8. Nov 7, 2019 #8

    TFF

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    Years and years ago , there was a karmann ghia on fire at an intersection. Fire department arrived to see it was a VW. There was a construction project near by, and a fireman went and got a dump truck full of sand and dumped it on the car. Instead of a ladder truck, they will come up with the fire dump truck for electric cars to smother the flames.
     
  9. Nov 7, 2019 #9

    Voidhawk9

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    Yeah, spraying water on an electrical fire probably isn't the way to go.
    The technology has changed, mitigations like putting out fires will need to adapt. Not just for cars, but battery storage on houses as well, etc.
     
  10. Nov 7, 2019 #10

    emir_82

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    Instead of having a mechanism to release the battery and having it hanging. With the problem that the power cables don't disconnect properly and tear the motor down the bulkhead.
    A better firewall and separation of the battery of critical systems is the solution.
    Lifepo4 is a extremely safe chemistry, but 2,5 times heavier.
    If you use Li Ion in the 18650 format each cell has less energy per unit that bigger Li poly pouch cell. So in case of failure the cascade effect is slower and with smaller fire ejections.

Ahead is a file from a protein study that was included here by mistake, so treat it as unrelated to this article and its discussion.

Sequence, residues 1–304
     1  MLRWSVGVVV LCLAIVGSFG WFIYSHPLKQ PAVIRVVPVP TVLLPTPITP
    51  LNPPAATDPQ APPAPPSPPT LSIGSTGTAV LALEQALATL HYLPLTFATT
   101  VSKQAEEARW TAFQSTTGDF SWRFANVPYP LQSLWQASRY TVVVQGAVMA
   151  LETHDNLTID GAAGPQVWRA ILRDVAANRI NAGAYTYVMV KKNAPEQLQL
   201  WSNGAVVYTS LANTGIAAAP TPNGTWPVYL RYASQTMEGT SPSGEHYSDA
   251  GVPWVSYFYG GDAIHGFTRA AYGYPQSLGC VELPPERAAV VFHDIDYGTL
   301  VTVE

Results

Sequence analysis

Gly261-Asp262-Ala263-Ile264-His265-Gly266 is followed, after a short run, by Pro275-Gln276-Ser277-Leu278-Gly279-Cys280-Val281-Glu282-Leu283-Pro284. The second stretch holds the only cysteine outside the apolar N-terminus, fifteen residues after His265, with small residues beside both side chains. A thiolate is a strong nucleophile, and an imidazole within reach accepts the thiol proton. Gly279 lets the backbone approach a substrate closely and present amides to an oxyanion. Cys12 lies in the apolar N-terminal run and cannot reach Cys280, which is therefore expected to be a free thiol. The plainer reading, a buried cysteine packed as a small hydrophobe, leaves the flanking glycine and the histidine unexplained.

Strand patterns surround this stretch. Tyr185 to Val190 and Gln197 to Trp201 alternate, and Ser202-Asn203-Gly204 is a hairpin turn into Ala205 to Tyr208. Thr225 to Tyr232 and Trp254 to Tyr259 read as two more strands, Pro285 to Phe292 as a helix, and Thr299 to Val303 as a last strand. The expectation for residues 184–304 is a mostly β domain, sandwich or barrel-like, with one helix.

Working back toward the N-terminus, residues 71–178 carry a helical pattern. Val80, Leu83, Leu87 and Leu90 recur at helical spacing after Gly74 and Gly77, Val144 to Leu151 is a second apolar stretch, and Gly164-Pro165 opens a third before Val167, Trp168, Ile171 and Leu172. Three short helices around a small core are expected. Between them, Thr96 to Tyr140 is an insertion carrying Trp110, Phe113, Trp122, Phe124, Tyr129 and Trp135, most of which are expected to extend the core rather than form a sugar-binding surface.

11. Nov 7, 2019 #11

    Bille Floyd

    Bille Floyd

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    I can check for myself ; but have you done some weight
    analysis between leaf and Lipo battery's ? I can deal
    with discharge curves , not being as good , if they are safer.

    I have had , Lipo batterys blow up near me, in the past ; i use
    them a Lot in RC helicopters , and Yea it's kinda Ugly when they
    start shooting flames. Over the years , there have bin several
    houses burnt down ; the usual cause was improper use of Lipo
    chargers or shorting out a fully charged Lipo.

    Bille
     
    Last edited: Nov 7, 2019
  12. Nov 7, 2019 #12

    stanislavz

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    Minor difference, teslas are lighter (~10% ), but it saves on connectors and no cooling
     
  13. Nov 8, 2019 #13

    12notes

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    Leaf batteries are LiPo (specifically, common LiPos are lithium cobalt), same as a Tesla.
     
  14. Nov 11, 2019 at 3:58 AM #14

    Tiger Tim

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    As battery fires become more common they will become less newsworthy and thus less scary. Problem solved.
     
    stanislavz, Voidhawk9 and Bille Floyd like this.
  15. Nov 11, 2019 at 5:02 AM #15

    Bille Floyd

    Bille Floyd

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    I,m fine with that ---- unless those battery's, that just burst into
    flames ; yea -- as long as there not in MY , E-glider !

    If i go cheap , on the batterys , with a higher risk of fire; then
    i'll also have a way to eject the flames, onto a 10-ft SS cable.
    Pull it up before landing ; and the CG stays, near the same.

    Bille
     
    Last edited: Nov 11, 2019 at 5:07 AM
  16. Nov 11, 2019 at 5:33 AM #16

    Hephaestus

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    bmcj likes this.
  17. Nov 11, 2019 at 10:37 AM #17

    litespeed

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    We have discussed this issue at length in a previous thread about battery safety.

    The proposed battery tether is not a good approach. The moving mass will do aweful things in flight. And it is now on fire which will very quickly become intense now it's in the airstream.